- Void Contracts: These are contracts that are unenforceable from the start and have no legal effect. Examples include contracts with minors for the sale of real property or contracts that call for a party to commit a crime.
- Voidable Contracts: These are contracts that are legally binding but can be disaffirmed by the innocent party. They can either be treated as void or ratified and enforced. Examples include contracts entered under fraud, mistake, or duress.
- Innocent Party’s Role: In the case of a voidable contract, only the innocent party has the ability to affirm and enforce the contract. If the innocent party ratifies the contract and accepts its benefits, they cannot later disaffirm it.
- Legal Consequences: A void contract cannot be validated or ratified by the innocent party. In contrast, a voidable contract becomes enforceable if ratified by the innocent party.
What is a Voidable Contract?
There are certain distinctions between such terms.
A contract is that is merely voidable, compared to a contract that is void, can either be disaffirmed and treated as void or it can be ratified and enforced. However, only the innocent party has the ability to affirm and enforce a voidable contract.
Voidable Contracts Examples
Some examples of contracts that are voidable are those that were entered under fraud, mistake, or duress or contracts entered into with minors or persons of unsound mind. Voidable contracts are legally binding on both parties until the innocent party seeks to rescind such contract.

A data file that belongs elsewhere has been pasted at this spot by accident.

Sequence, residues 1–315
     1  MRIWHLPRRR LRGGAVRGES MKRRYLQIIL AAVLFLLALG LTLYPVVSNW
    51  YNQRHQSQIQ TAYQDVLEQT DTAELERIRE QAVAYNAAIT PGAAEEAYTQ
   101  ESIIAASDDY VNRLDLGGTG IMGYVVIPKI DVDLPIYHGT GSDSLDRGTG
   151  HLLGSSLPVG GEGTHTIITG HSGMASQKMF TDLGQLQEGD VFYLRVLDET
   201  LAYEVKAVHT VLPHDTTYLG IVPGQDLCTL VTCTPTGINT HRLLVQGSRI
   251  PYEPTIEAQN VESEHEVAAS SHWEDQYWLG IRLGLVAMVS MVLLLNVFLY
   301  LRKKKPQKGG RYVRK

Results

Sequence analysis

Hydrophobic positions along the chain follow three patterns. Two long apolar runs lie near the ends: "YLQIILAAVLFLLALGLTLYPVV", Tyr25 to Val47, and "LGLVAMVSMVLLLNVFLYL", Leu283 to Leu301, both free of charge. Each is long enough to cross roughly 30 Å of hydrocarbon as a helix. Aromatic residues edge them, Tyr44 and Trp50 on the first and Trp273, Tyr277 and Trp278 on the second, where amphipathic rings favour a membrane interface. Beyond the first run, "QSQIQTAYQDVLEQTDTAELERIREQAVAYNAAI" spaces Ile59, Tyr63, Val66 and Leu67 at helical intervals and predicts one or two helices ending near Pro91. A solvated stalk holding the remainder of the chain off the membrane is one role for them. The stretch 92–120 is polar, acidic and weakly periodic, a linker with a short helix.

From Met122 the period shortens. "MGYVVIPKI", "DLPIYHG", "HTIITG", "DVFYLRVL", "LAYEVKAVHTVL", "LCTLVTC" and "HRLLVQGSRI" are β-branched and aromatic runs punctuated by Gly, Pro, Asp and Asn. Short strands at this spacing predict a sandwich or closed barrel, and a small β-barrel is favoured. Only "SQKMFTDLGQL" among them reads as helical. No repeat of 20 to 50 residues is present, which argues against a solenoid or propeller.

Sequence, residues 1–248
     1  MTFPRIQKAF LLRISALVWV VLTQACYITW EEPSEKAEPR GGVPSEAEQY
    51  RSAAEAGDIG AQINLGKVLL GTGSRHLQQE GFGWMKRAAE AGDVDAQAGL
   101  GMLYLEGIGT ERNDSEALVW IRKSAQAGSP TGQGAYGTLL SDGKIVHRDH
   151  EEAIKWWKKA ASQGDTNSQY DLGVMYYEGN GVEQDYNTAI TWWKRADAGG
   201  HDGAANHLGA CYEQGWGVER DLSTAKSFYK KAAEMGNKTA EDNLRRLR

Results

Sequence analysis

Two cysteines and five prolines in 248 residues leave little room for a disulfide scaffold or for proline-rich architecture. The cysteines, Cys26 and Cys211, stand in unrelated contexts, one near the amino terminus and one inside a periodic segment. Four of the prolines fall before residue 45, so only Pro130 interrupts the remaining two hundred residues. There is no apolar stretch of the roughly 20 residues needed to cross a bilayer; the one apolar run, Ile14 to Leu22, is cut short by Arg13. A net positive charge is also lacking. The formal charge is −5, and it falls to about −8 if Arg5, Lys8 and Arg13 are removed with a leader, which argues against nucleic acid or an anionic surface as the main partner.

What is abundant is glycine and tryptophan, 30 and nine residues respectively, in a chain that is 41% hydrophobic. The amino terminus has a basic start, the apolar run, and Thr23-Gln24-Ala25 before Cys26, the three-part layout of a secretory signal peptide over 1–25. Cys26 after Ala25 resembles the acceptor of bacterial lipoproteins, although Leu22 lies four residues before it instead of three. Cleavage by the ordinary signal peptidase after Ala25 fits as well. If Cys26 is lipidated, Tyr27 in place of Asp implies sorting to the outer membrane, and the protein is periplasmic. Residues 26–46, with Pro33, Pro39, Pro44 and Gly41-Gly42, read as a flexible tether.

However, if the innocent party ratifies a voidable contract and accepts its benefits, then the innocent party confirms the enforceability of the contract and cannot later try to disaffirm the contract.
What Is Void Contract
A contract that is void cannot be enforced by either party, has no legal effect, and can be disregarded entirely without any action by the innocent party.
That is because a void contract is void from the start. Therefore, the innocent party cannot validate or ratify such a contract.
Void Contracts Examples
Some examples of contracts that are void are contracts with a minor for the sale of real property, contracts with discriminatory covenants, such as restrictive covenants based on race, creed, or color, and contracts with subject matters that are barred by statute or call for a party to commit a crime.
If a contract is void, the guilty party cannot recover any value for the services rendered pursuant to the void contract under the theory of quantum meruit.
Moreover, a court may permit the “less guilty” party to recover the consideration already given under the void agreement. Even though this may result in possible injustice between the parties, the purpose of this rule is to deter future illegal conduct.